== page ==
I worry about the terrorists who use this crisis to their own advantage as a means of mixing and blending and disappearing until later, much later.
I worry about how so many people can be housed, fed, cared for—60 million people and growing daily….
I worry about this world.
I don’t know any answers…
but I do know we need to try to do something

12 comments on “How a David met a Goliath and made a tiny difference

  1. LightWriters says:

    Wow…changing the world one blessing at a time… LOVE this!

  2. Oh I absolutely love the cross. It is a fabulous work of art I think.And it’s so cool what it’s made of. Another great post my friend. 🙂 ❤

  3. David says:

    I have no answers either Julie. Or for the drunk (at 10:00 this morning) who comes into church asking for food but preferably money for more booze. A man roughly my age who knows he needs to change but cannot, and walks a fine line between another arrest and being found dead on the street. I wish I did have answers.

    • That’s a hard one David—on the one hand—I say give to the man as God blesses your giving…. yet what of the choice of the man who has received your generosity and makes ill use of the gift…what of it if you know that he will indeed make ill use… do you not give when he asks because “you know” he will make a poor decision…are you aiding and abetting his lostness by giving and knowing he will mostly likely heap more woe upon himself—-
      I know of some who when approached by a “beggar” actually will go buy some sort of fast food to hand over instead of cash—but that isn’t feasible when sitting in church…
      I don’t know —-I suppose you give. God blesses the giving—-
      I don’t know about all these refugees—the numbers of people is staggering and Europe can’t keep absorbing it all—I just love how Mr Putin turns his back….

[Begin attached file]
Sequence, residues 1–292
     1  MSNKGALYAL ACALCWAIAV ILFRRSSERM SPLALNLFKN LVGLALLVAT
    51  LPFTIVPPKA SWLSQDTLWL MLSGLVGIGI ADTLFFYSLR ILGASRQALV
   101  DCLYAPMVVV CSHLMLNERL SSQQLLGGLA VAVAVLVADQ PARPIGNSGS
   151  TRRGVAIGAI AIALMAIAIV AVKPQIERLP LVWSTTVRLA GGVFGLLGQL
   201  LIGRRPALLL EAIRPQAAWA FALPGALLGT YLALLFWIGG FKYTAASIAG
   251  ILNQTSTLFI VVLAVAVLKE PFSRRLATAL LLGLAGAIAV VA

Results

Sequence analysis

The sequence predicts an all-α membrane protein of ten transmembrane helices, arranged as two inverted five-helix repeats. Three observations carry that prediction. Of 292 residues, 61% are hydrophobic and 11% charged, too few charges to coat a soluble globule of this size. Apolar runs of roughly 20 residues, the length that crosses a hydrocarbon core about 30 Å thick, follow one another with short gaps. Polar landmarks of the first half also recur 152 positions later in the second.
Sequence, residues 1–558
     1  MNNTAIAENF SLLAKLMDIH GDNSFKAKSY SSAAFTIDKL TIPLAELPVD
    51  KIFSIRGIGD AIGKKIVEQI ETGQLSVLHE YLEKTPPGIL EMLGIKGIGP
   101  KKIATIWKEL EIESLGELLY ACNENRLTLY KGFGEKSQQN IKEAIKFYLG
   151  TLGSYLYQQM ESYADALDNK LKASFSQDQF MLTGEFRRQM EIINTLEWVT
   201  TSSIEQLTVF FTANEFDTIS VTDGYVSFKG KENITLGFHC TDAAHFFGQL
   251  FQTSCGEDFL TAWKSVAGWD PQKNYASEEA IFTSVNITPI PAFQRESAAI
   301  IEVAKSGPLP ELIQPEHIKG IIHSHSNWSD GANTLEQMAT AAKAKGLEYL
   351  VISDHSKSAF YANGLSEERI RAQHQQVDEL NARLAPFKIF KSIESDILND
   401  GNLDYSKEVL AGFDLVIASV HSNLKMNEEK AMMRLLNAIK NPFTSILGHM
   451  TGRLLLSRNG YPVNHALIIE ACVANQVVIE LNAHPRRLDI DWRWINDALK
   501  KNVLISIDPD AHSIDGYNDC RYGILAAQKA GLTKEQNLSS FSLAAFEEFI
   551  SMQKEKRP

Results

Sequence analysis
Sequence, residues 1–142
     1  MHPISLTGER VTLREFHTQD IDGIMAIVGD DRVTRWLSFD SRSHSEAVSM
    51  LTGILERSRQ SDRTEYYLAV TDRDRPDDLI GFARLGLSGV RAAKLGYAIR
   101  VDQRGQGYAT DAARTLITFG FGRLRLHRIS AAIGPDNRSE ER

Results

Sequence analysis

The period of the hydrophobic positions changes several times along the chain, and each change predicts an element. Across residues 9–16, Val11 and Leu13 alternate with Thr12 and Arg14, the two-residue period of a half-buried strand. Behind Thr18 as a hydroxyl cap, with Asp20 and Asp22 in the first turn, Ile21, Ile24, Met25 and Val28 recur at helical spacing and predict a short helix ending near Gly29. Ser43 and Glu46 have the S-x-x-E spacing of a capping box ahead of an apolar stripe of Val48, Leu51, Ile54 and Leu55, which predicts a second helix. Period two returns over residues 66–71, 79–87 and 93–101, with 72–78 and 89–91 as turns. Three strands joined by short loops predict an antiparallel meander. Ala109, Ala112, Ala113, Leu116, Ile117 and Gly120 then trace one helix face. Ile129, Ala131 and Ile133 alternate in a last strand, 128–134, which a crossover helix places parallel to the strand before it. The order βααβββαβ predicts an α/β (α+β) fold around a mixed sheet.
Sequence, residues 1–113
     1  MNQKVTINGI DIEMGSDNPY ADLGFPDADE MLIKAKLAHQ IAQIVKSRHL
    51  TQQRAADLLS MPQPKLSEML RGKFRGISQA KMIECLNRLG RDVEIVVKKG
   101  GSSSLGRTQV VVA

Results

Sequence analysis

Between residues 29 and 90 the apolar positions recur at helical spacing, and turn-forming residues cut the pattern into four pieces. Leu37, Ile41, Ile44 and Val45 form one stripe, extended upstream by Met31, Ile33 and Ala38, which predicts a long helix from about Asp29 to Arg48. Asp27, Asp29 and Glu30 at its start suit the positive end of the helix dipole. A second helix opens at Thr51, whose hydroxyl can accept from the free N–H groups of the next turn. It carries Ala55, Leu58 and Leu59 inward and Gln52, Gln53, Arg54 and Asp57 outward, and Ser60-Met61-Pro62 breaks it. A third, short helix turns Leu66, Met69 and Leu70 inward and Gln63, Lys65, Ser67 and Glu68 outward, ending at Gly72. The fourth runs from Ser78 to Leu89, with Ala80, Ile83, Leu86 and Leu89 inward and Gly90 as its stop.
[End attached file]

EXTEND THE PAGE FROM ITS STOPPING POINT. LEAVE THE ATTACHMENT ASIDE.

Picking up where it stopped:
• David says:

        I was duty deacon this morning Julie so couldn’t leave the building, but another elder took him and bought him some food – the same elder does this most weeks for this guy. The police say we are killing the drinkers/druggies with kindness because buying food frees their cash to buy cheap strong cider or drugs. They get arrested and locked up for a few weeks then go back to their old habits. There are only about 15 of them in Hereford but none of the agencies have any answers and the police end up acting as social workers as well as everything else.

        It is difficult to know what to believe about the refugees/migrants. Even the BBC seems to admit that at least 75% are fit young men. I guess that is their culture – send the young men first. A bit different to the women and children first rule in the west! Then you end with some of the problems Germany has been facing of late because these young men have no respect for women.

      • I know when I was in Rome years ago, I had gone to the American Catholic Church there to met the secretary who had helped us set up a visit to the catacombs in the the Vatican. We got to talking and she warned us not to give money to the gypsies but to say “basta” or stop it, go away.
        I know there are hustlers lurking but when I would see the very old or the crippled, I’ve give—my aunt would and still does scold me, but I tell her I never know if any may be an angel and I know that Jesus would offer healing or expelling of the evil spirit lurking within. I’m not one to expel evil as I’m not that “strong” but I can offer a few coins.
        Yet the police are right—it becomes a codependent sort of illness as we all tend to lend a bit of a hand to the continuance of negative choices—it’s a mess
        I think a good many of the refugees, not the families, are indeed the young angry men who look to bring down the West—oh we are setting up our demise in so many ways—-

      • David says:

        Sadly Julie, not many can see that. How to react is a real challenge for followers of Jesus.

  4. Nicodemas says:

    I love how you shared this. Thank you.

  5. DeniseBalog says:

    Excellent writing. Thank you for sharing from your “Goliath” size heart.

Leave a Reply

Fill in your details below or click an icon to log in: Logo

You are commenting using your account. Log Out /  Change )

Facebook photo

You are commenting using your Facebook account. Log Out /  Change )

Connecting to %s

This site uses Akismet to reduce spam. Learn how your comment data is processed.